Who would you lend to – Italy or Peston?

BBC Business Editor Robert Peston Would you lend money to this man?

Who would you expect to pay a higher rate of interest when borrowing for three years?

Me or the Italian Republic?

If you said "Peston", you are right. The markets apparently regard me as a worse credit risk than the government of the world's eighth largest economy - largely because individuals have a sorrier history in general of repaying what they owe than the public sectors of first-rank developed economies.

But here's the thing: the risk premium for lending to the slightly shambolic household of Peston, as opposed to the sovereign nation of Italy, is rather less than I expected.

According to those online money comparison websites, I can borrow £10,000 for 5.9% - with very few questions asked of me.

As for Italy, today it borrowed 3 billion euros for three years today at an interest rate 5.3%, in one of its regular bond auctions.

The gap between the interest paid by the two of us, 0.6% or 60 basis points (in the jargon), seems to put us in a similar borrowing category.

And before you ask, £10,000 is a bigger proportion of my annual earnings, than is 3 bilion euros as a proportion of Italian output or GDP.

So why is the Italian government's credit-worthiness perceived to be only marginally better than mine.

Well Italy starts with rather more debt than me - around 2 trillion euros or 120% of its GDP or income. My debt is a much smaller proportion of my income.

And Italian GDP is shrinking, as is mine - in real or inflation adjusted terms - but maybe not as fast.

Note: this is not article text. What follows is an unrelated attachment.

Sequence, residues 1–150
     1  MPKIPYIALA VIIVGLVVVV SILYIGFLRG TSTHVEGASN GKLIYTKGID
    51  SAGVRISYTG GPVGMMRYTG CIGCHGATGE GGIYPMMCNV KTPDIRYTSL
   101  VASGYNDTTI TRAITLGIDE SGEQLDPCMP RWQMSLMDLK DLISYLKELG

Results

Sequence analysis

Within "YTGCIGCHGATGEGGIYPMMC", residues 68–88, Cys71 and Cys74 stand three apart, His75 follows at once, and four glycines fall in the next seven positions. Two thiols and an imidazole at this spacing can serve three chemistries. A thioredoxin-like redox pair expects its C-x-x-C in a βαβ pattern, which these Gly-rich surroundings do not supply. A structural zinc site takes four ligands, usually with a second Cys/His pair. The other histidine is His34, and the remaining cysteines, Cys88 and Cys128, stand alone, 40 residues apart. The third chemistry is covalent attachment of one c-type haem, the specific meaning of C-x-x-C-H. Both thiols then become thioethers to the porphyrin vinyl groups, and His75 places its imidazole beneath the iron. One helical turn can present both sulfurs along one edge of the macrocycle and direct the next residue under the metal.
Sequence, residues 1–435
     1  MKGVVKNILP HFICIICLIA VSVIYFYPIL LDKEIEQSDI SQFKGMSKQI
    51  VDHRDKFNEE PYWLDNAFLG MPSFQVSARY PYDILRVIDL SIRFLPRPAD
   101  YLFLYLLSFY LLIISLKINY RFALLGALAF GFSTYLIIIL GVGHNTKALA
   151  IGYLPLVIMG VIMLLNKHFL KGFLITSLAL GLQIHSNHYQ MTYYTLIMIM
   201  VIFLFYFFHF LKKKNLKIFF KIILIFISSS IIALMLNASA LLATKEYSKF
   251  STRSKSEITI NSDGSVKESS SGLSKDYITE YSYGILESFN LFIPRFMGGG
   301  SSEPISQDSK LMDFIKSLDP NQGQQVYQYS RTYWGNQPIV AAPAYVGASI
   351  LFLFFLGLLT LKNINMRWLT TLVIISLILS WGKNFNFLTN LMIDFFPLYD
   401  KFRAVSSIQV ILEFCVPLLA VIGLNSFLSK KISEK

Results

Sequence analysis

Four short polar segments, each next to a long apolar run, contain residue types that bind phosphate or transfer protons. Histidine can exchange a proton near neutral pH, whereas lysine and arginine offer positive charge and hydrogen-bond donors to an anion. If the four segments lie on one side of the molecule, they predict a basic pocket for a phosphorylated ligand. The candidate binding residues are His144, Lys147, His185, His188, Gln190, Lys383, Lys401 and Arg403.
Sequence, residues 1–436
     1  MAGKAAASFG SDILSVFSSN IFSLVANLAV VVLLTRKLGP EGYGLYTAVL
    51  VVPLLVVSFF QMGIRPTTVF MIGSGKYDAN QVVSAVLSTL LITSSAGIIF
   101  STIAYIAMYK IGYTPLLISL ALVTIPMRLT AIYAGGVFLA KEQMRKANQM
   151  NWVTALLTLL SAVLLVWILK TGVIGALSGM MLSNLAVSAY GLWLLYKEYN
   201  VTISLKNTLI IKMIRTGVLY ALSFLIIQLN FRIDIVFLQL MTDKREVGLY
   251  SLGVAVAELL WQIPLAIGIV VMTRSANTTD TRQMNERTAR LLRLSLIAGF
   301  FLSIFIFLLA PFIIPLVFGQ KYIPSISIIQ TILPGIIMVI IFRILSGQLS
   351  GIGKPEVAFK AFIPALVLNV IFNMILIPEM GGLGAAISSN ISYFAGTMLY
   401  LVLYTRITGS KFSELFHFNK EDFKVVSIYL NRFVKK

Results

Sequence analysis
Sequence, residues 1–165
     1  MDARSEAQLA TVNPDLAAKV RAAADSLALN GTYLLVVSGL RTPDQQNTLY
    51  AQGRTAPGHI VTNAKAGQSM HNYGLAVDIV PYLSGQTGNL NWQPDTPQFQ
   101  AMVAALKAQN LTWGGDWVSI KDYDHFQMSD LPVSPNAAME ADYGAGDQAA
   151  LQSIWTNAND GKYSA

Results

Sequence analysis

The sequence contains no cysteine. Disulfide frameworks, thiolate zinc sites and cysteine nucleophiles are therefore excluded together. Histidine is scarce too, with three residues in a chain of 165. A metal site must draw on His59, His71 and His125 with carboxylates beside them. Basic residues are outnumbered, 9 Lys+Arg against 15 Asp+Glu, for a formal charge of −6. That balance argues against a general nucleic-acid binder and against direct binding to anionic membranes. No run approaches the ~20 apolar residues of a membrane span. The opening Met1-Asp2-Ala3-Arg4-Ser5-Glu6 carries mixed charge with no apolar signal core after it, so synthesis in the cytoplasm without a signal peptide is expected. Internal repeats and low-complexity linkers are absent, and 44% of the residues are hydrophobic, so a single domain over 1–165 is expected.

Also in the coming year Italy has to borrow 450 billion euros in total to refinance maturing debt and its new borrowing needs. I have no debts that mature this year that need to be rolled over or refinanced.

What's more, Italy may have to fork out a few tens of billions of euros to recapitalise its banks - which is less than Spain's banking bill but rather more than the banking liability I face.

There's another thing: if demand for my output falls, I can always cut what I charge for my services; but if Italy's exports are perceived to be too expensive, it cannot cut their price because it has no independent currency to devalue.

All in all, and now that I think about it, I wonder whether I should be offended that it costs me more than the Italian Republic to borrow.

Robert Peston Article written by Robert Peston Robert Peston Economics editor

How Labour pays for student fee cut

Labour would reduce tax relief for those earning £150,000 or more a year, shrink maximum pension pots to £1m and cut maximum annual pension contributions to £30,000 to pay for a cut to £6,000 in student fees.

Read full article

More on This Story

More from Robert


This entry is now closed for comments

Jump to comments pagination

Page 4 of 5



Copyright © 2015 BBC. The BBC is not responsible for the content of external sites. Read more.

This page is best viewed in an up-to-date web browser with style sheets (CSS) enabled. While you will be able to view the content of this page in your current browser, you will not be able to get the full visual experience. Please consider upgrading your browser software or enabling style sheets (CSS) if you are able to do so.